1 in 5 Americans Could Die in Debt. Will You?

Source: BBC

Source: BBC

Benjamin Franklin once said, “Rather go to bed without dinner than to rise in debt.” Americans must have missed that advice. We’re one of the most obese countries in the world and bathe in debt on a daily basis. Double-digit interest rate credit cards. Seven-year car loans. Six-figure student debt loads. McMansion mortgages. There seems to be no limit on how much debt some of us will take to the grave.

A new survey from CreditCards.com finds 21% of indebted Americans believe they will never pay all of their debts off before they die. That’s up from 18% last year and more than double the 9% response in 2013. The average American expects to be debt free by age 54, but 48% of indebted Americans say they’ll remain in debt until age 61 or older. Millennials, known as the student debt generation, are surprisingly more optimistic about their finances than any other age group, with only 11% claiming they’ll never be debt-free. Overall, 22% of respondents say they have zero debt, up from 14% a year earlier.

Not everyone is saddled with debt equally. Americans without children are more likely to say they’ll never get out of debt than parents in the survey (23% versus 17%). A bit unexpected since the cost of raising one child is now over $245,000. Twenty-four percent of whites say they’ll never get out of debt, compared to 16% of minorities who say the same. Interestingly, Republicans are nearly twice as likely as Democrats to believe they will die with debt.

“It’s a troubling divide,” said Matt Schulz, CreditCards.com’s senior industry analyst, in a press release. “While it’s great to see more people freeing themselves from debt, the fact that more and more people still feel trapped and hopeless means that Americans still have a major problem with debt. Hopelessness can be paralyzing, but the reality is that people have more power of their debt than they realize. The most important thing is simply to take action – even small ones – to start knocking that debt down.”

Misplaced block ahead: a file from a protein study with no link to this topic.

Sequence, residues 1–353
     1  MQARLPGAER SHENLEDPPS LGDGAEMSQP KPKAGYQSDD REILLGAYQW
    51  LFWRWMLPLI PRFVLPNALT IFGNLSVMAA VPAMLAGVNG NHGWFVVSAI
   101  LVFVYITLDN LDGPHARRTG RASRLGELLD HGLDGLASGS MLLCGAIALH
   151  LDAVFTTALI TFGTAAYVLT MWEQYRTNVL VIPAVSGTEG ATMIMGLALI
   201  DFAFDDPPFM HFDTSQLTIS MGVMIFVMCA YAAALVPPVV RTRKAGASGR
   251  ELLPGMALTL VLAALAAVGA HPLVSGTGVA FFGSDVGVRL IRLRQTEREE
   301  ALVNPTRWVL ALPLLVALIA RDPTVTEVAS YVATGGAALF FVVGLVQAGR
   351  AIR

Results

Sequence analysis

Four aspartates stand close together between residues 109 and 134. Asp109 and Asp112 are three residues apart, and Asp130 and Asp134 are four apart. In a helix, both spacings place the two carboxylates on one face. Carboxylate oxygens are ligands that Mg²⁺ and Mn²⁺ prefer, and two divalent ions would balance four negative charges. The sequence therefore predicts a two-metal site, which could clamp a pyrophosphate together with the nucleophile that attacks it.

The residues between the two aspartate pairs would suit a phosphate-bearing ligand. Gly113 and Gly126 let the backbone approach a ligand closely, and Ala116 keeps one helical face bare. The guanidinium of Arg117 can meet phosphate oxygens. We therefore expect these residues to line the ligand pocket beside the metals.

Living within your means and not having to worry about debt burdens is one of the most rewarding feelings. If you’re struggling with debt, CreditCards.com suggests you observe your spending habits by tracking expenses and making a realistic budget you can actually keep — needs should be placed over wants. You can also take steps such as transferring credit card balances to a lower-interest card in order to free up as much money as possible for debt repayment. Paying extra on your mortgage each month is also a great way to save thousands of dollars on interest.

If you are struggling with credit card debt or find yourself discouraged easily, try the snowball method, one of the most popular methods of debt reduction. Breaking conventional wisdom, this strategy ignores interest rates. You pay the minimum amount required on all credit card balances except the smallest. Place as much money as you can toward the smallest balance until it’s completely paid off. Then take the money you were using on that card to apply it toward the next smallest balance until that one is paid off too. Repeat this process until you have zero credit card debt.

Sending the majority of your monthly debt repayment to the credit card balance with the highest interest rate is more efficient, but it’s called personal finance for a reason. Some people need the satisfaction of paying off balances to keep them motivated. Use what works for you. Once you have zero credit card debt, adjust your budget so you pay off all credit card usage each month. This allows you to escape interest charges and build good credit.

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